In the middle of one particularly low point in the presidential transition period, when there were far more questions than answers, a straight-faced James S. Brady announced that the Internal Revenue Service had come up with a new ruling: "Lunches with me as a source are no longer deductible."

The remark was a revealing one for Brady, named yesterday as Ronald Reagan's White House press secretary. First, it was a tacit confession that he wasn't part of the transition team's inner circle and didn't know much about the hottest topic in town at the moment -- the selection of Reagan's Cabinet.

Second, it showed Brady's irrepressible, wry sense of humor and his ability to use it to advantage.

That Brady was finally named White House press secretary came as a surprise to many of his closest friends. Few people have ever had a job dangled in front of them so long, or so seemingly far out of reach.

He is, they say, bright, articulate and seasoned, a master of the art of press agentry. He has worked for three Cabinet officers, two senators and two presidential candidates, and is unusually well-informed on a host of policy questions.

But Brady, 40, has never been a Reagan insider. He started the campaign as John B. Connally's press secretary. When he was brought into the Reagan camp during the late Republican primaries, his role was ill-defined.He carried the title director of public affairs and research, but it was never clear exactly what that meant.

Lyn Nofziger, an old intimate of Reagan, was already press secretary. Brady was simply told to join the Reagan traveling entourage without portfolio. He felt frustrated, ill at ease. "Here you've been commander of a destroyer, then all of a sudden you're a laundry boy," he said at one point.

Brady, well-liked by reporters, developed a good working relationship with the disheveled, beer-bellied constantly wisecracking Nofziger. "Finally, I felt we could call audibles at the line of scrimmage," said Brady, an ex-high school football player from Centralia, Ill. stBut Brady, unfairly in the opinion of many, was blamed by the Reagan high command for leaking information to reporters during the fall campaign, and fell out of favor. Once he shouted "killer trees, killer trees" when the Reagan campaign plane flew over a forest fire in Louisiana. The irreverent joke -- a reference to Reagan's much-criticized comment that trees are a major source of impure air -- drew the ire of Reagan's top advisers.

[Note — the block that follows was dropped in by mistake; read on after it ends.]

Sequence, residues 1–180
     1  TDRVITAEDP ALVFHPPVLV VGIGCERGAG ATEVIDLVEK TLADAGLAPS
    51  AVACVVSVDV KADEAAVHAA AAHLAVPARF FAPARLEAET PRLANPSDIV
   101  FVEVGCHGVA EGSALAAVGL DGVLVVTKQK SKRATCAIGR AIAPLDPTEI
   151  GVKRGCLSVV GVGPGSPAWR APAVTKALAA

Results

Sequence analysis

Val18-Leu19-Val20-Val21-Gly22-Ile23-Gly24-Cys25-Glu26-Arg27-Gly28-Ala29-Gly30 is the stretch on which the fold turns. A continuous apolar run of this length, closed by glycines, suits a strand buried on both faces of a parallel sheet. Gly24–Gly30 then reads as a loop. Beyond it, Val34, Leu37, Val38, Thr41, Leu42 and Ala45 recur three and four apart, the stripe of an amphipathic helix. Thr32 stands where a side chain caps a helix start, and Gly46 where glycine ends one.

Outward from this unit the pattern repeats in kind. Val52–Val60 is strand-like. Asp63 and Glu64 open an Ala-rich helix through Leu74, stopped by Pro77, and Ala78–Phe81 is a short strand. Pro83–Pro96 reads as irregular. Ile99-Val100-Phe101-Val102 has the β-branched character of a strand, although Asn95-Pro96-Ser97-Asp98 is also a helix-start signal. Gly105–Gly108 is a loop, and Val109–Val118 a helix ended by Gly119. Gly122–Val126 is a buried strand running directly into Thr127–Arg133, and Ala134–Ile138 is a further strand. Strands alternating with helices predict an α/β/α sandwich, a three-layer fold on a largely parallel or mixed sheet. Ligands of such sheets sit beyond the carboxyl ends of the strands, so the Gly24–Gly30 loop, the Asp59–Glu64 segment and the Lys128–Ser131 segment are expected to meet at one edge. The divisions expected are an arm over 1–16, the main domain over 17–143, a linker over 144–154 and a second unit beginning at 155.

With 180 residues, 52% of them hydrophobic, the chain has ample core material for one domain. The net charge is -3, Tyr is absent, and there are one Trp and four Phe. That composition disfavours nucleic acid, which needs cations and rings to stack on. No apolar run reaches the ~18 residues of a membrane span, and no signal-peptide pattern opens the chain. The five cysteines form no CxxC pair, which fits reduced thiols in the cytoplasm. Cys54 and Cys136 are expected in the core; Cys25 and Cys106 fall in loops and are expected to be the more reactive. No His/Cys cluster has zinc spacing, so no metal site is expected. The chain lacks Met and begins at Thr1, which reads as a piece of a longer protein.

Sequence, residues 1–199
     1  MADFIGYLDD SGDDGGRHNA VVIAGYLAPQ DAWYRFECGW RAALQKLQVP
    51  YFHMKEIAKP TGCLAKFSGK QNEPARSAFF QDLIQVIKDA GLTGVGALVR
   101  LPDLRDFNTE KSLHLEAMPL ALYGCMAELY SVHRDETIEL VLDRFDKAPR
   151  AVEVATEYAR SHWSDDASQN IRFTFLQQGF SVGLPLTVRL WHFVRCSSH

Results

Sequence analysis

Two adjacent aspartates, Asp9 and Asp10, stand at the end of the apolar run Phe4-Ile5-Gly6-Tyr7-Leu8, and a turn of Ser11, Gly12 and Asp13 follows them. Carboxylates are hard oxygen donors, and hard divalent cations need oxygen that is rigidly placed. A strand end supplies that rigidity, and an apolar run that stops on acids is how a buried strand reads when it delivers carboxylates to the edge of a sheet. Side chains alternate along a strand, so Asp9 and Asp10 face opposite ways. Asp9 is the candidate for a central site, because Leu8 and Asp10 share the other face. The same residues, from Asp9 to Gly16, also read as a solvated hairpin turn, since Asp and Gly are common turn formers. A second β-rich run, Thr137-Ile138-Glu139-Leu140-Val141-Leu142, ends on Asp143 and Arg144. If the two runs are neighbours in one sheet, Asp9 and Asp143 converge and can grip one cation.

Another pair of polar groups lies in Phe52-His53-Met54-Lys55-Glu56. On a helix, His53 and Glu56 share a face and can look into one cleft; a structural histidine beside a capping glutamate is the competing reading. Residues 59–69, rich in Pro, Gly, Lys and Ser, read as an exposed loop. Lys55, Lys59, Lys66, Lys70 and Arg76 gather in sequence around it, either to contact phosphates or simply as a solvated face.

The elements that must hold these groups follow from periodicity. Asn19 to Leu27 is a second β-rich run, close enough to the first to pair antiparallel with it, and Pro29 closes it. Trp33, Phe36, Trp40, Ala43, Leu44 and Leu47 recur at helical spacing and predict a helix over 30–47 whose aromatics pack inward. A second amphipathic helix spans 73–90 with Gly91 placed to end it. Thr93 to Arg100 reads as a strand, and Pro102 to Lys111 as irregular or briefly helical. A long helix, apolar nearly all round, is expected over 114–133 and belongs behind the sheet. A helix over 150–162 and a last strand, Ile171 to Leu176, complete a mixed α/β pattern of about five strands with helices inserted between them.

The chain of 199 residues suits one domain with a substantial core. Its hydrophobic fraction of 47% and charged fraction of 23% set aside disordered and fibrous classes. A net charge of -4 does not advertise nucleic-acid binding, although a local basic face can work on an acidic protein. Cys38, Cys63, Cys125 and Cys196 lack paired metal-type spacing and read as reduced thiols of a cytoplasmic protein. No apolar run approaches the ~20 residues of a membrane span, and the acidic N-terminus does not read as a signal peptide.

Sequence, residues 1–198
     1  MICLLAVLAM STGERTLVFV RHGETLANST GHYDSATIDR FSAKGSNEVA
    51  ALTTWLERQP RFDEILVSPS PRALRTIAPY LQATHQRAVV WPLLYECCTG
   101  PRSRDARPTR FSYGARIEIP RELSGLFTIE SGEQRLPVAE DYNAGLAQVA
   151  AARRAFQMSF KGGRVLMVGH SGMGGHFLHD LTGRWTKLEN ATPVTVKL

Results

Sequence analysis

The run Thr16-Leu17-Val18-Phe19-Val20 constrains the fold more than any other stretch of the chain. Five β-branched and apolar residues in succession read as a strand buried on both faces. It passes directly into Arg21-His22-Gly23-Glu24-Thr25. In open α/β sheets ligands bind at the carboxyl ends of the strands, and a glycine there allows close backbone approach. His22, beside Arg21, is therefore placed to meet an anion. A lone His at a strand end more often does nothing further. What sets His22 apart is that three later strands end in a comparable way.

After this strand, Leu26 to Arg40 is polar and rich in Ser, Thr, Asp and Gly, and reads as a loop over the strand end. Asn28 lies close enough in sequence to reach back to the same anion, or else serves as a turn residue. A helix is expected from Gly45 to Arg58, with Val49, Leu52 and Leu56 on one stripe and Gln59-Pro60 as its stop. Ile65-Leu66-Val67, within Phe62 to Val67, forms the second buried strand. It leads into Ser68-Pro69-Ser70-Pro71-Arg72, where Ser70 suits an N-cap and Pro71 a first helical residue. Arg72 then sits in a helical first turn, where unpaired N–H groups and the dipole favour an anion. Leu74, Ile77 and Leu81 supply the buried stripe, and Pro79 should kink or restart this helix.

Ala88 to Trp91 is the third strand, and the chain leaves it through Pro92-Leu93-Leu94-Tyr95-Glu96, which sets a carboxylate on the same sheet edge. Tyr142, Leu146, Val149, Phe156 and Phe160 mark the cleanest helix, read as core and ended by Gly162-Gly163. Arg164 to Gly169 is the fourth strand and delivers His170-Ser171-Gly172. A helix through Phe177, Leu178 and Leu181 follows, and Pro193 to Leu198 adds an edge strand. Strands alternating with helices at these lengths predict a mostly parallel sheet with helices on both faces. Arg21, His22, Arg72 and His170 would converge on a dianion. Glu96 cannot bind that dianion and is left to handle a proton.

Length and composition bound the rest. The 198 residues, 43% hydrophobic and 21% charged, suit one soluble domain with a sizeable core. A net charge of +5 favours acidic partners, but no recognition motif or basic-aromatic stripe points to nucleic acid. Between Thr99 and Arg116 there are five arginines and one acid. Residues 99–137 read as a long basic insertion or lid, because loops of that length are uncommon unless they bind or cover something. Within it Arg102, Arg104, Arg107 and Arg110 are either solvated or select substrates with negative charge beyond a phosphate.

After the election, Brady became the chief press spokesman at Reagan's transition office. But the transition team went on a lengthy and well publicized search for a White House press secretary.

A number of reporters were sounded out about the possibility of taking the job, and Reagan's top advisers toyed publicly with the idea of restructuring the press secretary job and having four official spokesmen, instead of one. Brady continued to be mentioned as a candidate for the job, but never a favorite.

Meanwhile, he had the often thankless task of handling hundred of transition inquiries from reporters, although he had limited access to decision-makers. He handled the job with skill and good humor. Asked at one point why the transition bureaucracy had gotten so large, he replied, "It's the same reason a minister goes to Las Vegas. If you want to fight sin, you have to know it first."

Round-faced and pudgy with thinning hair, Brady called himself "the bear." After he presided over the announcement of Reagan's first four Cabinet members, he quipped, "I bet that's the first time in history a bear ever announced a Cabinet."

A graduate of the University of Illinois, Brady taught government while working on a PhD for two years at the Southern Illinois University. He first came to work in Washington as a junior aide to the late senator Everett Dirksen in 1961. He returned in 1973 and served in succession as an aide to James T. Lynn when Lynn was secretary of housing and urban development and director of the Office of Management and Budget, and to Donald Rumsfeld when Rumsfeld was secretary of defense. Before joining the Connally campaign, Brady was an executive assistant to Sen. William V. Roth Jr. (R-Del.).